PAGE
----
# Methods

This page lists the most prominent methods used in empirical labor economics. The list is not exhaustive but provides a quick introduction and overview.

Method name | Description |
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Macro-level analysis | Macroeconomic analysis studies the relationship between economic variables that are measured at an aggregate level: GDP, growth, unemployment, inflation. It often distinguishes between short-term effects, i.e. variation within the business cycle, and long-term effects that generate economic growth. |

Micro-level analysis | Micro-level analysis is concerned with the behavior of individuals or firms, and, in particular, the decision to supply or the demand for goods or services. The analysis can be conducted under perfect competition or with some forms of market failure. Microeconomics can be understood as the study of the underlying mechanisms behind the macro-level analysis. |

Descriptive statistics | Descriptive statistics summarize the basic characteristics of variables, often reporting the mean value and a measure of dispersion of the observations or a graph of the variable distribution. |

Correlation | A correlation measures the degree by which two or more variables’ movements are dependent. The dependence can be positive, i.e. the two variables move in the same direction, or negative. Correlation coefficients range from -1 to 1. A coefficient of unity indicates that the two variables are perfectly (linearly) related. It is important to note that correlation does not imply causation (see Causality). |

Causality | A relationship is causal if a change in variable x (the cause) leads to an adjustment in variable y (the effect). Estimating causality involves defining a counter-factual event: what would have been the value of y if x had remained at its initial value. This is never observed, and needs to be estimated. Econometric methods rely on different assumptions for estimating the counter-factual value. The size of the effect is then the difference between the observed value of y and the counter-factual value. |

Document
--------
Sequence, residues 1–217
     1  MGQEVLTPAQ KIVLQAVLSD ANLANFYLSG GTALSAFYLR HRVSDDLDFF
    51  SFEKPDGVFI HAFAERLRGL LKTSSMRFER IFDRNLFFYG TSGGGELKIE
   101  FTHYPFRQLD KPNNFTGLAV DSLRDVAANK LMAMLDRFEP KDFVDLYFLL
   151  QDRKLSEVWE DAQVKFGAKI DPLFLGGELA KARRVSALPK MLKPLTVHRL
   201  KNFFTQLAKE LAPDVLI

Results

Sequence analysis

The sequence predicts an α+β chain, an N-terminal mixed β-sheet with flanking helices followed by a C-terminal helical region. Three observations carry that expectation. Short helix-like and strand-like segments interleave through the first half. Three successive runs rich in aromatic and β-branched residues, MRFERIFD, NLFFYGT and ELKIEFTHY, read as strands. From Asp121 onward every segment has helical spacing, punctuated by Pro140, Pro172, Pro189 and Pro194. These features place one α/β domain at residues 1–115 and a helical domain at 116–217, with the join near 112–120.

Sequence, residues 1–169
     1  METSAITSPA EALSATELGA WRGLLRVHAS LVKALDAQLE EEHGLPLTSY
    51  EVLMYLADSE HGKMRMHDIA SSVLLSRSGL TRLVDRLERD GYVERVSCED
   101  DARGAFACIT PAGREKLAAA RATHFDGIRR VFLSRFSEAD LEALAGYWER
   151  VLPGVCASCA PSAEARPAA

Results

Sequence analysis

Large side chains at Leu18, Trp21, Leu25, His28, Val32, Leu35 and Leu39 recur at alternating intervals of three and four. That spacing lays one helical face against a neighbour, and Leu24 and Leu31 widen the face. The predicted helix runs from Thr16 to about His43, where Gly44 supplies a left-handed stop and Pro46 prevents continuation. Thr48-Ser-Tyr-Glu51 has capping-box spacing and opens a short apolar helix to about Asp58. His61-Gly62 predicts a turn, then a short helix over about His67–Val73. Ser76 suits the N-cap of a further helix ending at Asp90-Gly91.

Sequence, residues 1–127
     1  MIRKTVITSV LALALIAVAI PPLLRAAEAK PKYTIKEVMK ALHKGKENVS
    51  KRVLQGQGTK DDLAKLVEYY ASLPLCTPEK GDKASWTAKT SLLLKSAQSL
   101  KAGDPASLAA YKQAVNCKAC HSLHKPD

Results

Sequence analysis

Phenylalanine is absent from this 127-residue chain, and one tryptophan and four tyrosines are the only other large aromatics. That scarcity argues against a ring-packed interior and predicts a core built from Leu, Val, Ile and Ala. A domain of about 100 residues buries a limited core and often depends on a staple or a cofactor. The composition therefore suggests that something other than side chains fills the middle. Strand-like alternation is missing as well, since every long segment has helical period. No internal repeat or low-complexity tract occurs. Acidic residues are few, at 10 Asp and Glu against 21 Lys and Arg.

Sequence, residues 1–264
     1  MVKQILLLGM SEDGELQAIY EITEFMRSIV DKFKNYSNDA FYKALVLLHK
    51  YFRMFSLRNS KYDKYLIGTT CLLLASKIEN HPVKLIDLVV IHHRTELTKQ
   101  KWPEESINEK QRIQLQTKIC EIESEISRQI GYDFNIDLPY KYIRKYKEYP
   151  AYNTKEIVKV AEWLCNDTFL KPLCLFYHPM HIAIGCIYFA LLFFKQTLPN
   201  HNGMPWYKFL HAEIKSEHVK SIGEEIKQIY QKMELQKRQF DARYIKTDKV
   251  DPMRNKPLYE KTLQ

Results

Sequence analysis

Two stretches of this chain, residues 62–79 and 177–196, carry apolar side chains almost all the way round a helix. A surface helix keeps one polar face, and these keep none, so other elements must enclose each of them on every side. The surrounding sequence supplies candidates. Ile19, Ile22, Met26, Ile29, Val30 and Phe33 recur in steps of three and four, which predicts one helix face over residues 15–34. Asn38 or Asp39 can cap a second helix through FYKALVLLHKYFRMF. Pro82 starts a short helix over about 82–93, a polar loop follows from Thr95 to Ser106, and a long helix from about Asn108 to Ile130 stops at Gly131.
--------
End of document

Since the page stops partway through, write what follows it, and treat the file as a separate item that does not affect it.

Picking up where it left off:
Regression | Regression is a statistical tool used to establish how much a dependent variable varies when another variable varies. Compared to correlation, regression allows for the controlling of a set of additional variables that may affect the relationship of interest. Several regression techniques exist, imposing various assumptions on the relationship of interest. It is important to note again that a statistically significant regression coefficient does not imply a causal relationship between the independent variables and the dependent variable, but depending on the hypothesis written, causality may be inferred (see Identification strategy). |

Identification strategy | This is the strategy adopted in order to causally interpret the result of a regression. The basic idea of an identification strategy is for hypotheses to be written in such a way that the data become as close as possible to a randomized control trial; i.e. whereby the individuals affected by a policy are randomly selected and thus identical to those not receiving it. The latter group is termed the control group and provides the counter-factual outcome (see Causality) of what would have happened in the absence of the policy. |

Meta study | A meta study statistically analyses results from previous studies on a given topic to identify common patterns in their results and to provide a summary of current knowledge. |

Simulation | Simulation is a statistical practice that involves modeling a process using a set of equations; for example, a model of unemployment would include the job search effort of individuals, as well as the demand for labor from firms. Once this model has been calibrated—so that it can replicate the observed relationship—it can then be used to simulate the potential effect of policies on the outcome of interest. |